BYU graduates co-author award-winning children’s book series

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Heidi Andrews (left) and Heather Fujikawa sign copies of their first children's book "Fairy Birds" at the Provo Startup Building Nov. 16. These BYU graduates and twins sisters hope to teach children the importance of giving through their six-part series about the lives of Fairy Godmothers. (Photo by Natalie Stoker.)
Heidi Andrews (left) and Heather Fujikawa sign copies of their first children’s book “Fairy Birds” at the Provo Startup Building Nov. 16.These BYU graduates and twins sisters hope to teach children the importance of giving through their six-part series about the lives of Fairy Godmothers. (Photo by Natalie Stoker.)

BYU graduates and twin sisters Heidi Andrews and Heather Fujikawa hosted a launch party for their first children’s book Nov. 16 at the Provo Startup Building.

The book, “Fairy Birds: Fairy Godmothers in Training,” is the first of a six-part series that reveals where fairy godmothers come from. Each book will focus on a different positive trait that fairy godmothers possess.

“We wanted it to make a positive influence in children’s lives because, as we all know, there are a lot of books out there that don’t necessarily touch on doing great things,” Andrews said. “We just wanted to create some good in the world for kids and have an example for them to follow.”

The first installment of the series focuses on teaching children how to give. Other attributes slated to be included in the series are kindness and loving.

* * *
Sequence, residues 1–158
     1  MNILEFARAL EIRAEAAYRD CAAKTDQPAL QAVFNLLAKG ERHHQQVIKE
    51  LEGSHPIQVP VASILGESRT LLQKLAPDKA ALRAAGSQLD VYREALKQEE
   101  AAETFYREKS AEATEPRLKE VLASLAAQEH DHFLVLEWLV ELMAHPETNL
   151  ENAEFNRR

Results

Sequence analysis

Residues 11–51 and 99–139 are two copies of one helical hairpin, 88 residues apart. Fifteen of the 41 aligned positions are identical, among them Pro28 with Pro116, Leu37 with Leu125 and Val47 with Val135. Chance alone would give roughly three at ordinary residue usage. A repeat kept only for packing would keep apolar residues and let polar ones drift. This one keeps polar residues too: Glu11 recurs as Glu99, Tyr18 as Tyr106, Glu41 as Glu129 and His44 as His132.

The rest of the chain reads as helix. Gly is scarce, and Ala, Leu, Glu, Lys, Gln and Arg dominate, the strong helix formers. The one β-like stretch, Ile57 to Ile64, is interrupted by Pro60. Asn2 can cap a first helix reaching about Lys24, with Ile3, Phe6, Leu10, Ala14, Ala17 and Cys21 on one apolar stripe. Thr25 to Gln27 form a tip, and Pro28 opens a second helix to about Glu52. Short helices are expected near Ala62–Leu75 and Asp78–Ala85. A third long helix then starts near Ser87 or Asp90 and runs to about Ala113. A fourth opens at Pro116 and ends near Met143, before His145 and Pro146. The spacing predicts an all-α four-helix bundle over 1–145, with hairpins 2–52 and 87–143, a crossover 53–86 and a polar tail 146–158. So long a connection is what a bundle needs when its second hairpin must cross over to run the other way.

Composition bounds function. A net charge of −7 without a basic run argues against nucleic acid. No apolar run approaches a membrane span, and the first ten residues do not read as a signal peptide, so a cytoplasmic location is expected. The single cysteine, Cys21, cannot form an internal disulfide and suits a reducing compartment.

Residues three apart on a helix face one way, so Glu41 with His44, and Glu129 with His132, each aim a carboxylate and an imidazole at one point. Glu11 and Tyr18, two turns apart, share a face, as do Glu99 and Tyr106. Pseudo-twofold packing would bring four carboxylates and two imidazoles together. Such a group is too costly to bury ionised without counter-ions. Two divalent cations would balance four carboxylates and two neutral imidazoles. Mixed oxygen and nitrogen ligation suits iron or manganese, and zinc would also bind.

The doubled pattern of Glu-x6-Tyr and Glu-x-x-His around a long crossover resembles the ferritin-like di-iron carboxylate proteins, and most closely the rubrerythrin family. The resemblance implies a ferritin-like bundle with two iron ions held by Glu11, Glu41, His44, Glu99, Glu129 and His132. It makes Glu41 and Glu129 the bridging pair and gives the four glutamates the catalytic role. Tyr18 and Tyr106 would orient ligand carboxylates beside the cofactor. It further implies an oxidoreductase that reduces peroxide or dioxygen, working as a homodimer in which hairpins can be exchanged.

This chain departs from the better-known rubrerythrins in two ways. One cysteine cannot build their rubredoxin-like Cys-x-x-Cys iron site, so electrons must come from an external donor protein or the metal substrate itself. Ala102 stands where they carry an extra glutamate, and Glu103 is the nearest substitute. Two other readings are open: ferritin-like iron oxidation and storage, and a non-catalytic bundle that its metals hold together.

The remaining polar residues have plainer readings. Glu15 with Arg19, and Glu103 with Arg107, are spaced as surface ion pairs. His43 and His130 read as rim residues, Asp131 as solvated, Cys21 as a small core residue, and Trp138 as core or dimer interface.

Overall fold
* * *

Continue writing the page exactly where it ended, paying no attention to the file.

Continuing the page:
“The book is full of infectious illustrations, delightful color, fashionable characters and a secret message — to just give a little — that is captivating children everywhere,” the launch party’s press release said.

The book has earned a name for itself since its Oct. 23 launch, earning multiple awards, including the 2013 Book of the Year by Creative Child Magazine.

“(Heather and I) have been very humbled and very excited about both awards that we received,” Andrews said. “It was also a validation of what we are doing and that other people are recognizing that it’s a good book and has potential to influence the lives of children.”

Response from readers has been positive. Parents are excited to have another tool with which to teach their children.

“(The response has) just been overwhelming,” Andrews said. “Parents have been looking for a book like this to teach their kids some great attributes and traits that other books haven’t touched on before, so that’s been great to have that type of response.”

Children are eager to put the message of this story to practice.

“There’s such a great response already from people sending in stories about what their children are helping them do,” Andrews said. “That’s exactly what we want to be happening — children really catching wind of this and getting excited and continuing to give.”

The sisters have also launch a successful accessory line, True Birds, which is carried in stores including Nordstrom. Their success in launching two successful projects at such an early phase is inspiring to those they interact with.

“They’re young, and they’ve had really great experiences,” said Brooke Higginbotham, a BYU student and event staff at the launch party. “They’re doing so well, and they’re their own bosses, and I think that’s really inspiring.”

The book, along with Fairy Godmother merchandise including wings and hair accessories, is available now on the official website, www.fairybirds.com.

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